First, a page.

dna polymorphisms insertion-deletion length polymorphism – indel single nucleotide polymorphism...

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DNA polymorphisms Insertion-deletion length polymorphism – INDEL Single nucleotide polymorphism – SNP Simple sequence repeat length polymorphism – mini- and micro- satellites

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  • Slide 1
  • DNA polymorphisms Insertion-deletion length polymorphism INDEL Single nucleotide polymorphism SNP Simple sequence repeat length polymorphism mini- and micro-satellites
  • Slide 2
  • Labeled 3 TGGCTAGCT 5 Probe 3 TGGCTAGCT 5 ||||||||| Target 1 5-CCTAACCGATCGACTGAC-3 2 5-GGATTGGCTAGCTGACTG-3 Restriction Fragment Length Polymorphism (RFLP) RFLPs (Botstein et al. 1980) are differences in restriction fragment lengths caused by a SNP or INDEL that create or abolish restriction endonuclease recognition sites. RFLP assays are based on hybridization of a labeled DNA probe to a Southern blot (Southern 1975) of DNA digested with a restriction endonuclease
  • Slide 3
  • RFLP
  • Slide 4
  • Allele A Allele a A a a a A a a A Ind 1 Ind 2 Ind 5Ind 3 Ind 4 Ind 8Ind 6 Ind 7 RFLPs
  • Slide 5
  • Allele A Allele a A a a a A a a A Ind 1 Ind 2 Ind 5Ind 3 Ind 4 Ind 8Ind 6 Ind 7 RFLPs
  • Slide 6
  • Allele B Allele b B b b b B b b B Ind 1 Ind 2 Ind 5 Ind 3 Ind 4 Ind 8Ind 6 Ind 7 Insertion RFLPs
  • Slide 7
  • Features of RFLPs Co-dominant Locus-specific Genes can be mapped directly Supply of probes and markers is unlimited Highly reproducible Requires no special instrumentation
  • Slide 8
  • Amplified Fragment Length Polymorphism (AFLP) AFLPs (Vos et al. 1995) are differences in restriction fragment lengths caused by SNPs or INDELs that create or abolish restriction endonuclease recognition sites. AFLP assays are performed by selectively amplifying a pool of restriction fragments using PCR.
  • Slide 9
  • Digestion with 2 restriction enzymes Restriction site adapter ligation EcoRI MseI T A 55 3 55 33 T A Selective preamplification C T T A T G 55 3 55 33 Amplification
  • Slide 10
  • Amplified Fragment Length Polymorphism (AFLP) Polymorphisms betwwen genotypes may arise from: Sequence variation in one or both restriction sites Sequence variation in the region immediately adjacent to the restriction sites Insertions or deletions within an amplified fragment
  • Slide 11
  • AFLP The predicted number of DNA fragments amplified by AFLP primers with n selective nucleotides is N is genome size in base-pairs b is the number of nucleotides in the recognition site of a restriction endonuclease
  • Slide 12
  • AFLP DNA restriction fragments produced by a six-base cutter (n = 6) in soybean (N = 1 X 10 9 bp, ~1,000 Mb/1C) N = genome size in base-pairs b = the No. of nucleotides in in the recognition site n = No. of selective nucleotides nCalculationNo. of restriction fragments 01/4 6 (1 X 10 9 )244,141 11/4 6 (1 X 10 9 ) 1/4 2 15,259 21/4 6 (1 X 10 9 ) 1/4 4 954 31/4 6 (1 X 10 9 ) 1/4 6 60
  • Slide 13
  • Features of AFLPs Very high multiplex ratio Very high throughput Off-the-shelf technology Fairly reproducible Dominant and co-dominant
  • Slide 14
  • Simple Sequence Repeats (SSR) SSRs or microsatellites (Nakamura et al. 1987) are tandemly repeated mono-, di-, tri-, tetra-, penta-, and hexa-nucleotide motifs SSR length polymorphisms are caused by differences in the number of repeats Assayed by PCR amplification using pairs of oligonucleotide primers specific to unique sequences flanking the SSR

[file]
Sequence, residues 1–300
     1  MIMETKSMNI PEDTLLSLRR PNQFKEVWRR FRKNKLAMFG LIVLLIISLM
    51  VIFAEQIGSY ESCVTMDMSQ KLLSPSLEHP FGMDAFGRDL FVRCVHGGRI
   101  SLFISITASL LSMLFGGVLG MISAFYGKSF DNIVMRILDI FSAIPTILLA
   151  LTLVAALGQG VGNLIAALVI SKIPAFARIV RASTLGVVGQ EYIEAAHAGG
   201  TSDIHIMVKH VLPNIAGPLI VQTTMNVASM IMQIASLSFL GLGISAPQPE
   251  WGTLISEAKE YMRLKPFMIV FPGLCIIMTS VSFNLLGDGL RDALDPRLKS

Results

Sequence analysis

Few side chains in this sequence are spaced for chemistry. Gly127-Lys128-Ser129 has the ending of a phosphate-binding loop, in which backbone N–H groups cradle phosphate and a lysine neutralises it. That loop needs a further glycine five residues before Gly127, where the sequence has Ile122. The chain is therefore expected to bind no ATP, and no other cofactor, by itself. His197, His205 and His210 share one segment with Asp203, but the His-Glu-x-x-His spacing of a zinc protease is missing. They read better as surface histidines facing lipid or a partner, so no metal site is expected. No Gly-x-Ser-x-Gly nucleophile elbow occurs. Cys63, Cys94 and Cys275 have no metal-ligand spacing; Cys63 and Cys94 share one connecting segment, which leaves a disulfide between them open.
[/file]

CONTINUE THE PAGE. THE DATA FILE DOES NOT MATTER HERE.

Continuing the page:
• Slide 15
  • Individual 1 (AC)x9 Individual 2 (AC)x11 51 bp 55 bp Powell et al. 1995. Proc Natl Acad Sci U S A. 92(17): 77597763. Chloroplast SSRs of pine SSR
  • Slide 16
  • Features of SSRs Highly polymorphic Highly abundant and randomly dispersed Co-dominant Locus-specific High throughput Can be automated
  • Slide 17
  • SSR Sources SSRs are often found in cDNA and genomic DNA sequences SSRs are developed by screening genomic DNA libraries enriched for one or more repeat motifs. SSR-enriched libaries can be commercially purchased
  • Slide 18
  • SSR Repeat Motifs AC repeats tend to be more abundant than other di-nucleotide repeat motifs in animals (Beckmann and Weber 1992) The most abundant di-nucleotide repeat motifs in plants, in descending order, are AT, AG, and AC (Lagercrantz et al. 1993; Morgante and Oliveri 1993) Typically, SSRs are developed for di-, tri-, and tetra-nucleotide repeat motifs CA and GA have been widely used in plants Tetra-nucleotide repeats have the potential to be very highly polymorphic; however, many are difficult to amplify
  • Slide 19
  • Cleaved Amplified Polymorphic Sequences (CAPS) CAPS polymorphisms are differences in restriction fragment length caused by SNPs or INDELs that create or abolish restriction endonuclease recognition sites in PCR amplicons produced by locus-specific oligonucleotide primers (Tragoonrung et al. 1992; Konieczny and Ausubel 1993) Assays are performed by digesting locus-specific PCR amplicons with one or more restriction enzymes and separating the digested DNA on gels
  • Slide 20
  • Indiv. 1 Indiv. 2 Forward Primer Reverse Primer Forward Primer Reverse Primer Indiv. 1 Indiv. 2 EcoRI CAPS
  • Slide 21
  • Features of CAPS Locus-specific - PCR-based assay for a marker with known DNA sequence Method to map markers without Southern blotting Co-dominant and dominant
  • Slide 22
  • Random Amplified Polymorphic DNA (RAPD) DNA polymorphism produced by rearrangements at or between oligonucleotide primer binding sites in the genome (Williams et al. 1990) Assays are performed using single short oligonucleotide primers of arbitrary sequence (typically 10-mers)
  • Slide 23
  • Indiv. 1 Indiv. 2 RAPDs (Brahm et al. 2000) 3 5 3 5 3
  • Slide 24
  • Features of RAPDs Simple assay Dominant Unrestricted access to primers Requires little initial investment Not very reproducible